|Depth||1,602 m (5,256 ft)|
|Length||20,506 metres (12.742 mi)|
|Cave survey||Group Volcain|
Gouffre Jean-Bernard or Réseau Jean Bernard, sometimes known simply as Jean Bernard, is one of the deepest known caves in the world. It is found in the Alps, in Samoëns, France. The first entrance to the cave was found by the French caving group Groupe Vulcain in 1963. More entrances have been found over the years since, and currently at least thirteen are known. The highest entrance, known as C37, is at 2,274 m above sea level. The cave is named after Jean Dupont and Bernard Raffy, two Groupe Vulcain members who died in 1963 in an unrelated expedition.
Exploration of the cave began shortly after discovery in 1963. By 1969, the cave had been explored to a depth of 623 metres (2,044 ft) below the level of the highest entry point. At that point, further exploration was blocked by a water-filled tunnel.
Subsequently, another entrance was discovered that had passages that bypassed the flooded tunnel. The cave was explored to 938 m (3,077 ft) before again becoming blocked, this time by fallen rocks. In 1976, these rocks were removed, allowing explorers to descend to 1,298 m (4,259 ft); at the time, that made it the second-deepest known cave, although it has since been surpassed.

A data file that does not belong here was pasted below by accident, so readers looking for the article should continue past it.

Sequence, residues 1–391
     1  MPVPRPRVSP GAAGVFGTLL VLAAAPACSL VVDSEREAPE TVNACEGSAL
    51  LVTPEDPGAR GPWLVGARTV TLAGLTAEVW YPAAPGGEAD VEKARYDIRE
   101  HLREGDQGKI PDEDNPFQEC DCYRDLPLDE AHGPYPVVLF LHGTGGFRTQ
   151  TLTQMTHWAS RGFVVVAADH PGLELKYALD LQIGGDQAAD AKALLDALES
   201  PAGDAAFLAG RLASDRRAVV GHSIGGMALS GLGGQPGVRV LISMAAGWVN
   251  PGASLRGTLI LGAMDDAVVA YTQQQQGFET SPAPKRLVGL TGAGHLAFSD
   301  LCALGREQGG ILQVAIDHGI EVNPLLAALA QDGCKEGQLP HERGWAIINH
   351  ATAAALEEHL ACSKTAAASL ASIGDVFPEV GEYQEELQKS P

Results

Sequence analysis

- Gulden, Bob. "World's Deepest Caves". Caver Bob's Website. Retrieved 23 March 2017.
- Scheffel, Richard L.; Wernet, Susan J., eds. (1980). Natural Wonders of the World. United States of America: Reader's Digest Association, Inc. p. 191. ISBN 0-89577-087-3.
- "gouffre Jean-Bernard coupe" (PDF). groupe-speleo-vulcain. Retrieved 18 May 2017.
- Patton, Michael (2009). "Caving in the French Alps" (PDF). Arkansas Underground: 8–15 – via caves.org.
- Le gouffre Jean-Bernard, 1602 m: Samoens/Haute-Savoie/France : record du monde de profondeur. Groupe Vulcain. 1991. ISBN 9782741700319.